“What people tend to say is, ‘Oh, there were kea here, but now we’re not seeing them.’ What’s happening is we’re getting an aging population out there,” she explains.
There are many breeding pairs, which will stay together for life – kea often live into their 30s in the wild. However, if their chicks can’t survive, or the breeding pair becomes too old to reproduce, the population shrinks.
“You’ll have birds that are present for 20 or 30 years, but then they die, and you have no young to take their place,” Orr-Walker says.
Also posing a reproduction challenge is that there are fewer females than males; because they’re ground-nesting breeders, females are more vulnerable to predators than males.
Lead poisoning is another challenge for kea.
“Everywhere that humans and kea crossover – huts, baches, high-country sheep stations, old gold mining areas – they all have lead nail heads, and kea in those areas have had detectable lead levels in their blood, some with very high levels,” Orr-Walker says.
In 2006, DOC tested lead levels in 43 kea in Mt Cook, and 32 were found to have very high lead levels. All had some lead detectable in their blood.
Lead is bad for a number of reasons: it interferes with reproduction and cognitive abilities, which leaves some birds unable to find food, resulting in starvation in a few cases. In fact, starvation was the leading cause of kea death in the 1960s. While lead poisoning wasn’t known to have such effects then, Orr-Walker attributes those starvations to the prevalence of lead in building materials.
In order to diminish lead dangers, DOC has been replacing the lead in alpine huts. A reduction in lead shot has also alleviated the problem, but Orr-Walker says there’s more to be done to mitigate the hazard, adding that it requires a cultural and behavioural shift.
“Getting communities to actually recognise there’s a problem and to help take action is hugely important,” she says. “Pretty much everything that’s threatening kea is being brought in by humans or activities associated with humans.
“We’re seeing people much more aware of the fact that kea are threatened and much more motivated to actually get involved,” Orr-Walker says. “Particularly people who are out in the mountains all the time; they actually see the possibility of losing kea in the mountains as unthinkable. We lose part of our mountains if we lose our kea.”
Large-scale bird recovery plans in New Zealand, like DOC’s Battle for our Birds programme, has seen major upswings in different bird species as a result of predation control in the form of traps and aerial 1080 drops.
Orr-Walker says she hopes to see a recovery plan emerge for kea as well – she’s actively working with DOC to develop such a programme.
“It’s one of the few high-profile bird species that doesn’t have a plan,” she says. Orr-Walker thinks that because kea are a controversial species, it’s taken longer to get that kind of work off the ground.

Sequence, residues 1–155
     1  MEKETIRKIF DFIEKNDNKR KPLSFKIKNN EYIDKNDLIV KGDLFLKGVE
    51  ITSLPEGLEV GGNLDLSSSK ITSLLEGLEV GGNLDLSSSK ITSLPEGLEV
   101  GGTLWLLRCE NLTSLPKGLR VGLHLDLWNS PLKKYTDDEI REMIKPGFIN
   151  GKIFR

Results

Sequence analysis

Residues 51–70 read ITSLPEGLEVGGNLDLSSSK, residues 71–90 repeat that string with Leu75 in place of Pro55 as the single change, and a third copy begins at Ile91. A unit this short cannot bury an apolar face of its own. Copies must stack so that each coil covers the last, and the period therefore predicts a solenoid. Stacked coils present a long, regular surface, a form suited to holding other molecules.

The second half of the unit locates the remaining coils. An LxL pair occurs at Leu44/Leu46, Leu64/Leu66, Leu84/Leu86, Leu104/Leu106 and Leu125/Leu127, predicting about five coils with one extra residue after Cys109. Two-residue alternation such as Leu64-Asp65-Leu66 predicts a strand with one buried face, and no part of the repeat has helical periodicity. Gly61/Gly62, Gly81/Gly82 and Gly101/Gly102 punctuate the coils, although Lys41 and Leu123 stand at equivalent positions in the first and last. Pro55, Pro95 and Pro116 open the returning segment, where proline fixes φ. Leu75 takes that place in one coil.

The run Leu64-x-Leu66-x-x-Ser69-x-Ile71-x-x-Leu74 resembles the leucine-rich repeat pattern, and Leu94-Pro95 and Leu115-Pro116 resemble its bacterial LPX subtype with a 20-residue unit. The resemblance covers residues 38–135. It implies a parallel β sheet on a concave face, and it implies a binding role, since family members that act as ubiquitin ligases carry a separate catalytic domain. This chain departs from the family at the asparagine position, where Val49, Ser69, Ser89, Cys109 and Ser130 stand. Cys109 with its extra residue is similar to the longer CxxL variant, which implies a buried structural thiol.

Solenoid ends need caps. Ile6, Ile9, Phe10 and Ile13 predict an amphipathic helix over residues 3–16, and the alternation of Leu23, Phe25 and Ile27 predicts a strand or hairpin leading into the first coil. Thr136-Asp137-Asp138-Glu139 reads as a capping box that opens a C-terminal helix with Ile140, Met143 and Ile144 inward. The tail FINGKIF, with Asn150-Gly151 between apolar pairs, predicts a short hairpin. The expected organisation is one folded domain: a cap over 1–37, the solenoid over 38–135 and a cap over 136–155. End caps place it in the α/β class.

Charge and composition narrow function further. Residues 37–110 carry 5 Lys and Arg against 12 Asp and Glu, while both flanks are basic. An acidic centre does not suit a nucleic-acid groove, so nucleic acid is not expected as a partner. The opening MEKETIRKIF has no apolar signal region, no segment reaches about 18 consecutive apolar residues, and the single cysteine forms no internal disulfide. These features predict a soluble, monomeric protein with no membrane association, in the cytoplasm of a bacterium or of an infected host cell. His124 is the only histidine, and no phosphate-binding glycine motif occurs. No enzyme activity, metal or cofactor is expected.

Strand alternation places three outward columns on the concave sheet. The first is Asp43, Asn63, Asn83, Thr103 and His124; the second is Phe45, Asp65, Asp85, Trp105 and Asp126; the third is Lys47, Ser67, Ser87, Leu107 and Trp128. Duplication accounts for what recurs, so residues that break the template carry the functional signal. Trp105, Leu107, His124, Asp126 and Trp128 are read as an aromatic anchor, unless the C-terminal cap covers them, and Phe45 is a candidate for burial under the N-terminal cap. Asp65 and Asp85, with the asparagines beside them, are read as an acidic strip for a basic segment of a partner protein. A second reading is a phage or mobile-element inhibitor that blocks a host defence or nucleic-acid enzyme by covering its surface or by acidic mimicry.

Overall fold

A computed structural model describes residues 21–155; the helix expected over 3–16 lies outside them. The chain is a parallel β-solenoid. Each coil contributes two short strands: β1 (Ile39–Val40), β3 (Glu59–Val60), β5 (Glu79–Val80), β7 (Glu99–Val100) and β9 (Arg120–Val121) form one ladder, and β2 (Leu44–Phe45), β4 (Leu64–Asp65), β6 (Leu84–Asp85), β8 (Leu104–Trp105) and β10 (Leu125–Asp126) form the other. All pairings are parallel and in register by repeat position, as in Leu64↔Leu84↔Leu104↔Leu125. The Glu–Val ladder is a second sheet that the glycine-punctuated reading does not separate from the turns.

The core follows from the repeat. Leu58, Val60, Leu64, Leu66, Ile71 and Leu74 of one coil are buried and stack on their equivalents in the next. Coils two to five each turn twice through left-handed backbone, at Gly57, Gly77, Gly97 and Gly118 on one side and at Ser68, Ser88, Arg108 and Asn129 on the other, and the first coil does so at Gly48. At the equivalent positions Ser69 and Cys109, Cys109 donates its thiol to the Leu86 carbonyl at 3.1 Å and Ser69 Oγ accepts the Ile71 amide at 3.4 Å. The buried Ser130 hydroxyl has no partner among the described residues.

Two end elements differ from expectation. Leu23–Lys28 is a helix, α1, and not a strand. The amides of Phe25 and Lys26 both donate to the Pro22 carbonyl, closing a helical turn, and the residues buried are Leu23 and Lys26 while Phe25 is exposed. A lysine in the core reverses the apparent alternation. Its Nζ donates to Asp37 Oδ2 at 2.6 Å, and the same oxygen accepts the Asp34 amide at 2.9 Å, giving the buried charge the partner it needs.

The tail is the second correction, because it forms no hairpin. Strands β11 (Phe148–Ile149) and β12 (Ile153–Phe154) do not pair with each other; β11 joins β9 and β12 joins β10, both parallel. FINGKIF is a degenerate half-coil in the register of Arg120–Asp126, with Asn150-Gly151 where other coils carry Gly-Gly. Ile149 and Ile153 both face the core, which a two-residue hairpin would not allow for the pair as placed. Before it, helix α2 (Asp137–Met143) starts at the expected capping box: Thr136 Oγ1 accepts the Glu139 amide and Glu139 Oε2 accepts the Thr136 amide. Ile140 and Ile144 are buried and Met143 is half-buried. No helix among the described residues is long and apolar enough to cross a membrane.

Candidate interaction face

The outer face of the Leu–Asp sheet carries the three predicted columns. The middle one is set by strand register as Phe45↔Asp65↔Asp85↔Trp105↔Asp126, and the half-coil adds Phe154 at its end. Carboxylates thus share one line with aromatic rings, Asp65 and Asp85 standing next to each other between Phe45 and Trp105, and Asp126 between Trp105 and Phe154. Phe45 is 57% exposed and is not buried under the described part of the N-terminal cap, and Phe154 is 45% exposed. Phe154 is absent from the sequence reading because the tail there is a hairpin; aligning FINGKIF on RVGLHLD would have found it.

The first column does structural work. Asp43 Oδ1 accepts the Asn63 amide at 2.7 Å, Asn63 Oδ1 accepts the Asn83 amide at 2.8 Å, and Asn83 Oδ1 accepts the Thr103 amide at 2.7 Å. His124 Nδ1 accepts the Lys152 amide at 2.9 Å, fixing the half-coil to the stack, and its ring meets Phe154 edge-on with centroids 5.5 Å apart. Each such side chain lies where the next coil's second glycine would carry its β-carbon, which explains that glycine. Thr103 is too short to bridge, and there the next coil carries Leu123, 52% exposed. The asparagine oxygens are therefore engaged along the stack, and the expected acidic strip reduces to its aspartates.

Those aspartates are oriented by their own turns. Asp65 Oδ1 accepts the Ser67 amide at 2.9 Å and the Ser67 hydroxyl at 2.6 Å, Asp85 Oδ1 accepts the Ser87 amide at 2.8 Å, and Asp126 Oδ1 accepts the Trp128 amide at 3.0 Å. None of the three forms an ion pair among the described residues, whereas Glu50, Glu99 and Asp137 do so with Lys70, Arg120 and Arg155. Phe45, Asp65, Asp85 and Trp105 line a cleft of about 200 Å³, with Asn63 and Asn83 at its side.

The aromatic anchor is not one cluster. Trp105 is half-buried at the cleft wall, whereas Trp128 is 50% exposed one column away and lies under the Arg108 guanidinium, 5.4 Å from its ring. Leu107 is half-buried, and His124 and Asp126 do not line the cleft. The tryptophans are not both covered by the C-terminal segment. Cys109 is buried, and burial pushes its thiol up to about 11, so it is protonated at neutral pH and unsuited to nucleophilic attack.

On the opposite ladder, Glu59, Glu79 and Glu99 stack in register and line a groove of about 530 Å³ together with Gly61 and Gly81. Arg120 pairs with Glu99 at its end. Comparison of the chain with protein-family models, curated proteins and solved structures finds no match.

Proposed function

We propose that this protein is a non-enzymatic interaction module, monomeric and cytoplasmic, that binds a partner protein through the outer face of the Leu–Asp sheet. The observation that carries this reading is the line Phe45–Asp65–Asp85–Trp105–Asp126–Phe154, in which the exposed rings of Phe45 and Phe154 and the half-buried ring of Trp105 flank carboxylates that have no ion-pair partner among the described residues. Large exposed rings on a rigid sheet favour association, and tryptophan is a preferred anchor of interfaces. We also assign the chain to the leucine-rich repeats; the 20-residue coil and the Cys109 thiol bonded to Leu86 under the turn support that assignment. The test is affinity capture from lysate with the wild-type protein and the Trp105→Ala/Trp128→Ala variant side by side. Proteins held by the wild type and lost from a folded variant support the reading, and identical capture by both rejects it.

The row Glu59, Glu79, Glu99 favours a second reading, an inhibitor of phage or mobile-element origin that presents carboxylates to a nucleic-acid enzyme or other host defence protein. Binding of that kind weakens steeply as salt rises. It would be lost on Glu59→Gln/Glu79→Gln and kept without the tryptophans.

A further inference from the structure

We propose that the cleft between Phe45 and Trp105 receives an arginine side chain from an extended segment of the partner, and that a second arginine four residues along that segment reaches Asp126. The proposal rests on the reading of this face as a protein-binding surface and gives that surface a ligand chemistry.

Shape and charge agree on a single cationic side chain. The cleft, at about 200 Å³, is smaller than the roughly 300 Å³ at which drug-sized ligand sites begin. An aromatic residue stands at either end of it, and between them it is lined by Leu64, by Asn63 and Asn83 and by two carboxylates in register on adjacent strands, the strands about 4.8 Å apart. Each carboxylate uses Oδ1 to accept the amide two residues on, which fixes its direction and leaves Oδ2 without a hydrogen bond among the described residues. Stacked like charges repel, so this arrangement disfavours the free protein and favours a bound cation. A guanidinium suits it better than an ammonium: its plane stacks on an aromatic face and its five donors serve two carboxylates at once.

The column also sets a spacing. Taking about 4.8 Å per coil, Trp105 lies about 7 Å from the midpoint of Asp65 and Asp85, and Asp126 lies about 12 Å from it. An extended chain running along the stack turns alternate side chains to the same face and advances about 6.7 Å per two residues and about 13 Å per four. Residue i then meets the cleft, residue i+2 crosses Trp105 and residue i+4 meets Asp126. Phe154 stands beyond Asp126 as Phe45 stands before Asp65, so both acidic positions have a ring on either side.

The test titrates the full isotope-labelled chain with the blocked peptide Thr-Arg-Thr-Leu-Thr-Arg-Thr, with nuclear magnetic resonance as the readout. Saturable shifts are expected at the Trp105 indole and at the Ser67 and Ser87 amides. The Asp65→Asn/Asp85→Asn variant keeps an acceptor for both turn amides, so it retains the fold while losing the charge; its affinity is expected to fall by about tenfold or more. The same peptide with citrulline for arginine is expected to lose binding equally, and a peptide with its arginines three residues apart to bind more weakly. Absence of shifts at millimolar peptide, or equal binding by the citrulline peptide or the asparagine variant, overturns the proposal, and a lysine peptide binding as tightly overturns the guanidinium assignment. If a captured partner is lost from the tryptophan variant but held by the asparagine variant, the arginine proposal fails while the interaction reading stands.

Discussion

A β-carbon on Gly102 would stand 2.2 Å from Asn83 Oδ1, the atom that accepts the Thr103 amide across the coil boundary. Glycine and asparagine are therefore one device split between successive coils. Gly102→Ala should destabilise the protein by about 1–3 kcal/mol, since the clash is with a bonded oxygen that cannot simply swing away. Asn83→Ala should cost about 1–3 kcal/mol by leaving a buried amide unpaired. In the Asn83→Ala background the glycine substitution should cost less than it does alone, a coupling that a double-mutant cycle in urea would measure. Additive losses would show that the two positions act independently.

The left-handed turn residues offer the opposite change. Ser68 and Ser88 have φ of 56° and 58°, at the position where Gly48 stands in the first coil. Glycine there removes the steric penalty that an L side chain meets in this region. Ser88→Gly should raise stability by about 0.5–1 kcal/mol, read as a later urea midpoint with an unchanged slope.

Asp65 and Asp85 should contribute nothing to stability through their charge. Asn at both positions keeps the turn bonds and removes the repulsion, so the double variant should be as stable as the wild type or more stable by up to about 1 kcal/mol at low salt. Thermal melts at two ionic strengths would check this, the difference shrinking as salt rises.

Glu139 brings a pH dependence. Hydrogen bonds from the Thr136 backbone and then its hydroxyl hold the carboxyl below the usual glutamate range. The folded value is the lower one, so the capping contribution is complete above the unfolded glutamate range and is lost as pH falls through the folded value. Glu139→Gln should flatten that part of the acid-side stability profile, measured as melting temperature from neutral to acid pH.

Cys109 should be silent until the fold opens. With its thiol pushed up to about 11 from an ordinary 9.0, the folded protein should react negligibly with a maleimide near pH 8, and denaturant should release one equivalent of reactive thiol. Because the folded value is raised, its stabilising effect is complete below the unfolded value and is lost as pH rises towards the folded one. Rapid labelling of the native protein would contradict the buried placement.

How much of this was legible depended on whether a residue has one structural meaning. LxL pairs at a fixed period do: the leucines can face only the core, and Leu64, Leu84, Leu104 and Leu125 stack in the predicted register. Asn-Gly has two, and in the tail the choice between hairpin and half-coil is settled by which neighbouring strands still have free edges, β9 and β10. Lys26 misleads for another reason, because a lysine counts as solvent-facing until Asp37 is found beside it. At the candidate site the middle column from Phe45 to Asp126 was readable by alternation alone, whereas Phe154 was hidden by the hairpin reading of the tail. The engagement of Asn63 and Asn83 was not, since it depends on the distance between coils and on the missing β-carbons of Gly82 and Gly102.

“That’s why we’re really wanting to fast-track this as much as possible to get it into people’s psyche, that this is a bird that is under severe threat, like our kiwi has been, and takahe and kakapo.
“We don’t want to get to the point where we’ve only got 1000 birds, or 100 birds. We are less than 5000 birds already, and we don’t know what the tipping point will be, or if we’ve got to that point already, and we’re just not recognising it,” Orr-Walker says. “We need a conservation push now, before we get to a point where it’s not manageable.”
Why is it so hard to count kea?
DOC kea researcher Josh Kemp says it’s extremely difficult to know the exact number of kea left in the wild due to their large habitat, which spans almost the entire Southern Alps.
“There’s no such thing as a typical kea,” Kemp says, which means researchers can’t rely on where the alpine birds will choose to live. One kea might love its hometown of Arthur’s Pass, while another will satisfy its wanderlust and travel hundreds of kilometres to a new habitat. Kemp says kea are one large, mostly transient, population, as opposed to several localised sub-populations.
Rather than investing time and money into counting individual kea, Kemp said the bulk of kea conservation energy goes into setting up more areas for predator control. Around 80 per cent of kea habitat currently has no control in place.
Kemp says DOC has an ongoing radio tagging programme for kea. About 20 to 30 birds are monitored yearly using satellite transmitters which are worn like small backpacks. They’re also monitoring anywhere from 15 to 30 nests each year.
While the current population is anyone’s guess – national estimates are 1000-5000 – Kemp is more optimistic. Based on the number of birds they’ve banded, he guesses there could be anywhere from 5000-15,000 kea in the wild. But with that, he still says there’s an appropriate level of concern for their survival.
“If we have good predator control, we can turn it all around and produce lots of young kea quite quickly. The future is rosy, provided we keep up the pressure and keep expanding [predator control].”